Growing human populations and economic development drive increases in global demand for food and energy, interlinked sectors that heavily rely on limited water resources (World Economic Forum, 2011). Dams produce hydropower, provide water for food production, modify water flows, and restructure fisheries, placing them at the center of the challenge to sustainably manage the food-energy-water (FEW) nexus (D'Odorico et al., 2018). With 3,700 large hydropower dams planned worldwide (Zarfl et al., 2015), understanding FEW tradeoffs is increasingly important.
At the forefront of the FEW nexus and large-scale damming conversations is the Mekong River, which starts in the Tibetan Plateau and empties into the South China Sea. The Upper Basin is primarily in China and Myanmar, and the Lower Mekong Basin (LMB) spreads through Lao PDR, Thailand, Cambodia, and Vietnam (Mekong River Commission, 2010). The Mekong is a key trade route, provides irrigation water and electricity, and is one of the world's most productive inland fisheries (Baran and Myschowoda, 2009). With over 100 dams planned in the LMB, including eleven planned on the mainstream by 2020 (Dugan et al., 2010), electricity availability is projected to increase by 900% (Pittock et al., 2016).
However, these dams severely affect fisheries by disrupting flows, sediment load, migration routes, and downstream flood regimes. The quantity and timing of water flows shape Lower Mekong Basin (LMB) fisheries. Flood pulses are particularly integral for the ecology of Tonle Sap Lake (Kummu and Sarkkula, 2008), a major regional fishery, which receives 53.5% of its flow from the Mekong (Kummu et al., 2014) and supports the fisheries of one million people (Stone, 2011). By reducing downstream sediment loads, dams restrict nutrient inputs, limiting the primary production that supports fishery production (Baran et al., 2001). Dams also block spawning routes for migratory fish, which constitute at least 35% of fish caught in the Mekong (ICEM (International Centre for Environmental Management), 2010; Stone, 2011). As a result, the LMB provides an important case for studying the effects of damming on nutrition from lost fisheries, an often-overlooked cost to dam construction.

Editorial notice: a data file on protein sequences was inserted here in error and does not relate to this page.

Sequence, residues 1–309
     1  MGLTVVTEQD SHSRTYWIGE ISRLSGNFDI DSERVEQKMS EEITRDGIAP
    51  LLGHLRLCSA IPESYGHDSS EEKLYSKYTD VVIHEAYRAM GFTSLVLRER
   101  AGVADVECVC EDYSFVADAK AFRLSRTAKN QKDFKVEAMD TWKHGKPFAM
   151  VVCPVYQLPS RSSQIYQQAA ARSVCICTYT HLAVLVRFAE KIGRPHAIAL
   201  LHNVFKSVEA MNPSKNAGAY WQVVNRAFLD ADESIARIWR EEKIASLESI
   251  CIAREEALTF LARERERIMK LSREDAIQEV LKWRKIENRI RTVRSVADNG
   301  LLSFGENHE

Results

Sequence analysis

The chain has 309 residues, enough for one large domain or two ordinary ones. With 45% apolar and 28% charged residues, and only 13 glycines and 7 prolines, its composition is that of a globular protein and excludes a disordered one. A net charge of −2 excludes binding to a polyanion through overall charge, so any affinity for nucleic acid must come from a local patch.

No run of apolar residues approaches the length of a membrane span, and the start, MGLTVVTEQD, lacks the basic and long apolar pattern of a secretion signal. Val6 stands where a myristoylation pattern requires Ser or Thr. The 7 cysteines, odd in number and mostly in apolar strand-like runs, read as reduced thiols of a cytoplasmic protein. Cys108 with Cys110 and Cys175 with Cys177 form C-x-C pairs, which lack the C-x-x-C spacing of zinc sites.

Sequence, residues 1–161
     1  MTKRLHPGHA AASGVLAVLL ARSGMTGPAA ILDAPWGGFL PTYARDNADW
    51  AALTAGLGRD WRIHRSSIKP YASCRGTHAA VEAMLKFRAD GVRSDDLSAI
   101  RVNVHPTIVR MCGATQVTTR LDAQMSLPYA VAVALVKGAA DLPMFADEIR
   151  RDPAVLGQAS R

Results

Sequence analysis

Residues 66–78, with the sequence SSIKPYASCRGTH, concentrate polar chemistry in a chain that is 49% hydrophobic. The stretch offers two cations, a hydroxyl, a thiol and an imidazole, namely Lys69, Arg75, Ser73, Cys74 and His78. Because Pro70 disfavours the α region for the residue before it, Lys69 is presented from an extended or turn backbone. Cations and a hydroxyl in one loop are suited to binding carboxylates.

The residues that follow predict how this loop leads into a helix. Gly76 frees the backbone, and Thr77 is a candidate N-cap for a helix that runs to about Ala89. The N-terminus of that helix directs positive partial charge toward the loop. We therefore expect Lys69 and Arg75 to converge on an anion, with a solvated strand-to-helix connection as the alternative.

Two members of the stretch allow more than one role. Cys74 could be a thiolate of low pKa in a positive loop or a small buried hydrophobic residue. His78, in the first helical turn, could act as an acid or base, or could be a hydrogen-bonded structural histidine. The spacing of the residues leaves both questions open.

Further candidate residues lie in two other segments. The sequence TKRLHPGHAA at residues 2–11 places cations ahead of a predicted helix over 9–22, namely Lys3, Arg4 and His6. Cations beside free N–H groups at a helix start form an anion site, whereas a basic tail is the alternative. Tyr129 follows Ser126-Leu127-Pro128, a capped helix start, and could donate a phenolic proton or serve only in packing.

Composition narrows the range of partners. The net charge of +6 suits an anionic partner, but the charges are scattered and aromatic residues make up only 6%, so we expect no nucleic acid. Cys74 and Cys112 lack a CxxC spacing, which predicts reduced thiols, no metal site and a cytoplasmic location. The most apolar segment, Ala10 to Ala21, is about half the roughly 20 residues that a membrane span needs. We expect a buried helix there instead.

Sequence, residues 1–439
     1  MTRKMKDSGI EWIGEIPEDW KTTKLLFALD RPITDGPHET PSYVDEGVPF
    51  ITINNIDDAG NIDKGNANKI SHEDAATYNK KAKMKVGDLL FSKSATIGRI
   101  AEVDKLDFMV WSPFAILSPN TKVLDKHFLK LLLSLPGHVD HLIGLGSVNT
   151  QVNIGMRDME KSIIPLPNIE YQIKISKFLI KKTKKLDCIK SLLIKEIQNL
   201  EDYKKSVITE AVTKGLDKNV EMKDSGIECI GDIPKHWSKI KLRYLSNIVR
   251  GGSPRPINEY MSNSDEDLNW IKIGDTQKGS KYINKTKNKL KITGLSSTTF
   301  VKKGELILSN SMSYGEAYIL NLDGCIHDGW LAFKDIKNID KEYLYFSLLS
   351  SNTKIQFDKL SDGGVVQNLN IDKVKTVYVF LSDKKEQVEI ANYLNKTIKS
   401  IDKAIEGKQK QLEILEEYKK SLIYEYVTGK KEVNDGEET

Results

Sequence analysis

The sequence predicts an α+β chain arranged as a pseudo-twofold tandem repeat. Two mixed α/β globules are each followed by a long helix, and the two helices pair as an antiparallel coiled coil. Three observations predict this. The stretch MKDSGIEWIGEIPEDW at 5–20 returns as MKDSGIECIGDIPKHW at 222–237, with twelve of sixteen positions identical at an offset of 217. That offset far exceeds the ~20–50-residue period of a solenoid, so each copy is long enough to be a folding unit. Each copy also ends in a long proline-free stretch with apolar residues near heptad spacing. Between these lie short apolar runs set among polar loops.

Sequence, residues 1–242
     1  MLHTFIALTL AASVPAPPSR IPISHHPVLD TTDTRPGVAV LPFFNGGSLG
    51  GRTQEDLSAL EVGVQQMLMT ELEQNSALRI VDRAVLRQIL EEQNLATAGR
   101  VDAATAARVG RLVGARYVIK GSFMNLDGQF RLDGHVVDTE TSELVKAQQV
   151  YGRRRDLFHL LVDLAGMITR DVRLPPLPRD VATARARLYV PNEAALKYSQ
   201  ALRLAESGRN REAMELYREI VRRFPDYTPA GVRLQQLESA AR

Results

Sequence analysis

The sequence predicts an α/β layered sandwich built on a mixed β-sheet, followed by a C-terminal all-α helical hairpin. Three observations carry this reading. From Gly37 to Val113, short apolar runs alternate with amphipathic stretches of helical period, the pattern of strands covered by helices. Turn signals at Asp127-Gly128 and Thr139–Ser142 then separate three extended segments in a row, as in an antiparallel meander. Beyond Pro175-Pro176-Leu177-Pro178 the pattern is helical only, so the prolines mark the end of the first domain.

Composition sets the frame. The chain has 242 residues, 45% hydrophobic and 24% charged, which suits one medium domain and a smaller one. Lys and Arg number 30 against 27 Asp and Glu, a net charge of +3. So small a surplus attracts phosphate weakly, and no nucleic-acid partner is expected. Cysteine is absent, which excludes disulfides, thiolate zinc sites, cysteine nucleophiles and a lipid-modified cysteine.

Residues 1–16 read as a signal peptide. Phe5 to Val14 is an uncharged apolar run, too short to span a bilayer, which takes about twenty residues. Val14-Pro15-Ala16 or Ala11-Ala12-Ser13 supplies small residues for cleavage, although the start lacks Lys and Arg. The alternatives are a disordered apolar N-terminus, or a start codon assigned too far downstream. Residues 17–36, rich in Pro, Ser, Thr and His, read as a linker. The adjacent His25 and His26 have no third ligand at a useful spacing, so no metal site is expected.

Reductions in fishery production will affect the nearly 50 million people dependent on LMB fisheries for food and livelihoods (Orr et al., 2012; Pittock et al., 2017). Migratory fish groups that are highly vulnerable to damming represent $1.4 billion of the $2.4–3 billion of first-sale price values in the LMB (Barlow et al., 2008). Throughout the LMB, fish are a critical part of the diet (Hortle, 2007; Buoy et al., 2009), and a major source of protein, iron, zinc, calcium, B vitamins, and other micronutrients (Roos et al., 2007a,b; Chamnan et al., 2009; Golden et al., 2016; Vilain and Baran, 2016; Vilain et al., 2016). However, the contribution of fish to nutrition security is often overlooked in decision-making.